I didn't want to disturb his conference and went down to the first floor to look at some new artwork. It was then that I bumped into a man, Tom, the head finacial administrator, coming out of the main restrooms. When I looked at him to say hello, he had this wide grin on his blush ridden face. He fessed up, "I'm so sorry. I was the one who yelled at you. I thought you were Cato!" I had a good laugh and explained to him that I thought that he was Cato too. We both vowed to get Cato and make him pay. Tom then went home, and I went back up once I saw Cato's secretary come down the stairs. When I made it up there I could not find a soul. I ventured carefully into the break room to check it out...."HEY!!!!!" Cato jumped out from behind a recliner and scared a buffalo nickel right out of me (the one that I swallowed when I was five).

"Damn you Cato," I exclaimed, then added, "Did you know that you got me and Tom screaming at each other?"

"What..why?" He asked in a half laughing, half perplexed way.

I gave him the whole story, then Cato asked with total straight-faced surprise, "Well, why did you guys think it was me?"

Tuesday, January 10, 2006

The Birds

A simple post about a virus: Avian Flu. It will most likely evolve into a deadlier virus. It is cliche to bring up the paranoia surrounding the issue, so why bring it up at all? You decide.

Tuesday, January 03, 2006

A Letter To a Certain Co-Worker: Your Brain is Your Friend (Please Use it).

I've been wondering lately: who was the first person to notice the possibility of life after death--recognize that "Bob" was there and is a person, but now he's not in there. Instead of discarding the corpse as refuse, it's now hallowed and given a ceremonial burial. Where did Bob go? Will Bob ever come back? Who's taken Bob? Will this thing happen to me? Is this not the beginning of myth? These are rhetorical questions. I know that most will believe that it was either Adam, Eve, or Cane (Able didn't have a chance). I'm sure that a few of those kids raised by wolfs would tell you something along the lines of "Bark, bark, bark...awhooooo!" Getting back to the subject, Neanderthal buried their dead. Of course, any bones found in the earth that are older than seven thousand years were put there by Lucifer to trick us, right? So, let's discard the Neanderthal. No, let's go with this: when humans were put here on this earth they knew all the basic civilized stuff already and lived to be like 800 years old. At some point we realized that having babies with our siblings, and parents was bad (I'm curious at what point, biblically, that happened). Oh yeah, there all of a sudden popped up all these other people and cities (because we know that the truth doesn't have to make sense). Don't forget that evolution sucks and will only lead to unhappiness. Use this one too, it rocks: scientists are smug, self serving demons, who's only purpose is to undermine the faithful with "theories" ( Boy, I hope they die of gonad cancer and leprosy).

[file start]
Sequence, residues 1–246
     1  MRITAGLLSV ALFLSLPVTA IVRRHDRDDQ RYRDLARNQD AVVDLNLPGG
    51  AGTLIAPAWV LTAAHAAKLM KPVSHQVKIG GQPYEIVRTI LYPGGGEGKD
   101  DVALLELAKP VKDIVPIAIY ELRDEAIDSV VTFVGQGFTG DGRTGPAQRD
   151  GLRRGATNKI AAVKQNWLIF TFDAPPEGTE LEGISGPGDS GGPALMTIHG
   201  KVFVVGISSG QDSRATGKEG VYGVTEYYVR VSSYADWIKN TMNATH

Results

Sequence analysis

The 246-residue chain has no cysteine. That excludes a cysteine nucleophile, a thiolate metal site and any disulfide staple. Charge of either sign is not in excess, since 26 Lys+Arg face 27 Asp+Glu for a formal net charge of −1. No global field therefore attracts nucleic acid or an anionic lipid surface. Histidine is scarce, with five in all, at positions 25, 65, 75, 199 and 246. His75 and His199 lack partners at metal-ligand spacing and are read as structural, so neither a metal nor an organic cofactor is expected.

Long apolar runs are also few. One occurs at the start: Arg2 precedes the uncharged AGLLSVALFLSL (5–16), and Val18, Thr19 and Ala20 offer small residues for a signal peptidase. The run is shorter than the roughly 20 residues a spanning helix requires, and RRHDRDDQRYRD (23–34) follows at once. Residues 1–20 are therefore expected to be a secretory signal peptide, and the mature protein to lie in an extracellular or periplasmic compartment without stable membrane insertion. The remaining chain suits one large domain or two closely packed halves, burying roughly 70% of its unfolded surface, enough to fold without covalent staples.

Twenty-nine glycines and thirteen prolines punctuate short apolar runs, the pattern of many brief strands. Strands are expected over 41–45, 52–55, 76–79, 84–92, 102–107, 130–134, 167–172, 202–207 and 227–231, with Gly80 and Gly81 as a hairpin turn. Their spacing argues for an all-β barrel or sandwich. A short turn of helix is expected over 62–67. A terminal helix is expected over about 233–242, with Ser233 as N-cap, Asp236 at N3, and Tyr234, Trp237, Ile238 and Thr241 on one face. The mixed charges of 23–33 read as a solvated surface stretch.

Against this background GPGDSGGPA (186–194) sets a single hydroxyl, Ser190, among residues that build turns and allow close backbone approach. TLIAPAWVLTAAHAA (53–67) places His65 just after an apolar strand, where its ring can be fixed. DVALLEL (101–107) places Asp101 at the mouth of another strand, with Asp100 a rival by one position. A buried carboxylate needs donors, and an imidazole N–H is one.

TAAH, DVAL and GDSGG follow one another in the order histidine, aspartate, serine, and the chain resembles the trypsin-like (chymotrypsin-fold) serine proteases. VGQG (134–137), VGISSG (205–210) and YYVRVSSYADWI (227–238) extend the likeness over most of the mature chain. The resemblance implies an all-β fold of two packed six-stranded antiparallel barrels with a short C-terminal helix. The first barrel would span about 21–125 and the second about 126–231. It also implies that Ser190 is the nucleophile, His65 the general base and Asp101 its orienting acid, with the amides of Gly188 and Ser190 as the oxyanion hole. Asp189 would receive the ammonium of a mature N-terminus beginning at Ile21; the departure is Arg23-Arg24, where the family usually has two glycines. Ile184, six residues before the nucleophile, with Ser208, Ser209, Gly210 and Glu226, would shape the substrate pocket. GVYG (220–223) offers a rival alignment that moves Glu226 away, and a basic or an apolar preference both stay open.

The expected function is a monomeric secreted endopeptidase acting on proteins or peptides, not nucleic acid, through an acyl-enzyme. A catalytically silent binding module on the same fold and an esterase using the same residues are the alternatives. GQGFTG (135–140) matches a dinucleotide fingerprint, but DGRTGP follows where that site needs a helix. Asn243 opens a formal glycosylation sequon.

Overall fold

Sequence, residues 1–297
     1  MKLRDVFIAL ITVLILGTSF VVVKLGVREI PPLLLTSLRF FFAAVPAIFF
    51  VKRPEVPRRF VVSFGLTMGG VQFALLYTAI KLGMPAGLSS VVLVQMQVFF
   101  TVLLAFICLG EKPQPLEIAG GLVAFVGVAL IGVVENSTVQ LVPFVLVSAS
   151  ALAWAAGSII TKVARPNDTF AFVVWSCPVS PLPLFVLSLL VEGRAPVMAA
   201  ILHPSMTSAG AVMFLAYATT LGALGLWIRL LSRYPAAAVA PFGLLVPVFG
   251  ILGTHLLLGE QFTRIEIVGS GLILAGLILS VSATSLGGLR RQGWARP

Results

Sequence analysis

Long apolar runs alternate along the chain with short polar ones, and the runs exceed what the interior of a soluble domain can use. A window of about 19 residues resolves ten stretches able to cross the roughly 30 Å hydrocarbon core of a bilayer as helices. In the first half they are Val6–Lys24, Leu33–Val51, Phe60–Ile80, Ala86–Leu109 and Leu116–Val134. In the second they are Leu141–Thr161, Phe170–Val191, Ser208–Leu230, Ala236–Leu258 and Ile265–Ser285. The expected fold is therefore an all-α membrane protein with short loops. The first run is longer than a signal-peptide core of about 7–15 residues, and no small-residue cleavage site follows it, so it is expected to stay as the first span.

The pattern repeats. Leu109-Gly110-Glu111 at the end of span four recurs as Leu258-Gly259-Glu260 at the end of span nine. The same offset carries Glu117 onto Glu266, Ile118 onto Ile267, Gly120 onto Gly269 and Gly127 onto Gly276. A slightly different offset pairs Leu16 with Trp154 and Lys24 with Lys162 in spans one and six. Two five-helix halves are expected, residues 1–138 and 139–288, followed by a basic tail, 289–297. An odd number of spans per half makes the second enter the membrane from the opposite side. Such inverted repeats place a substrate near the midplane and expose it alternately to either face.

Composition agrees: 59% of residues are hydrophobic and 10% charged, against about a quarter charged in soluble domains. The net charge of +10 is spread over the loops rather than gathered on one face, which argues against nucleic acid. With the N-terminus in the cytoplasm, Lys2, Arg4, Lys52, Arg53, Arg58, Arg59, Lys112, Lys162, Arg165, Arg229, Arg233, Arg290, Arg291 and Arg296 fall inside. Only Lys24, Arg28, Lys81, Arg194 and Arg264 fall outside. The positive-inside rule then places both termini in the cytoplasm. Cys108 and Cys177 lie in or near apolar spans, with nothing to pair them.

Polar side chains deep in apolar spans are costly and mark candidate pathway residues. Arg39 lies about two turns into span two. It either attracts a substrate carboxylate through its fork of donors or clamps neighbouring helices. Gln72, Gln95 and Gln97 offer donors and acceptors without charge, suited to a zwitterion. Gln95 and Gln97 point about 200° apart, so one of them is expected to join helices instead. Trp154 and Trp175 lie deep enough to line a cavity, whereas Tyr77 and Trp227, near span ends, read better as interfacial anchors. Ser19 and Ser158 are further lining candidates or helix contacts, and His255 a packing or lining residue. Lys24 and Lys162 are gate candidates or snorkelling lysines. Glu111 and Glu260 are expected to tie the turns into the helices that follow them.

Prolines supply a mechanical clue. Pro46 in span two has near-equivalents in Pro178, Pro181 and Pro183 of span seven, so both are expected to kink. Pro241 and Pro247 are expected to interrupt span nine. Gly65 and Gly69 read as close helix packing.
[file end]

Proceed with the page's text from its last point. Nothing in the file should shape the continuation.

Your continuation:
Okay, I hope that this is not taken seriously. I'm just tired of having people at work try to convince me that Darwin/scientists, Evolutionary theory, and bees are evil. Somehow, they think that if Creationism or Intelligent Design is not taught in schools, fire will rain upon us and Slurpees will not quench our thist. I believe in God, and all that goes with that. Those that know me personally need not fear that I've discarded any of my beliefs, wear my clothes inside out, or generally flipped my lid. Only thing that is different is that I'm a 3rd degree Mason, now. But, I figured out long ago that there are little things called history, science, and critical thinking that get in the way of taking a story literally. Evidence is a bitch. When you read Genesis, is there a point where you start to wonder if the purpose for it is to tell us the "why" and not the "how"? I figured that out long ago, too. Those things are there to teach us a lesson. Yes, there can still be a man named Adam and a woman named Eve that really did live, but if God wanted us to know all the literal and physical aspects of Genesis, the pages would fill the cosmos. Why is this so hard for some people to grasp?

I had a professor (tool of Satan) ponder the creation and this is the gist of what he said:
How could God create something out of nothing? How can you create something without any knowledge of all the chemicals and molecules that make up anything that is something? Did he just say "sheep" and a sheep popped out of thin air? "Wow, it worked! Where the heck did that thing come from anyway?" No, if there's a God of creation he must know how everything works scientifically first, before he could do anything at all.

So, to those that don't know the ass-end of a hypothesis or a theory (anybody who says "it's just a theory" clearly does not understand the scientific process) ask yourself this: is it wise to discount something completely before you have any understanding of it in the first place? In science you can prove something wrong, but you can't prove it 100% right (you can come close, though). That is the fundamental that separates science from religion. In religion, you can't do either, really. You can come to a personal and spiritual confirmation of what is right, but that is beyond science.

Now, let's ask ourselves another question: is it productive to stop our scientific research of earth's and mankind's origins and just say "God did it; let's kick back and drink Kool-Aid"? That's a cop out. If you think science is the tool of the devil, then I hope you also reject medical science, physics, and chemistry too. As long as we're playing the all or nothing game, remember, it's not the research and design of the brakes that stop your car from crashing, it's the asbestos Bible! For 2006, reduce your cognitive dissonance by accepting and integrating a measure of intelligence into your everyday life. Try realizing that God will allow you to learn about mysterious things through the miracle of science, and also be able to worship him and obtain spiritual knowledge through scripture. Novel concept, I know.

Okay, I promise that I'll get back to the funny stuff.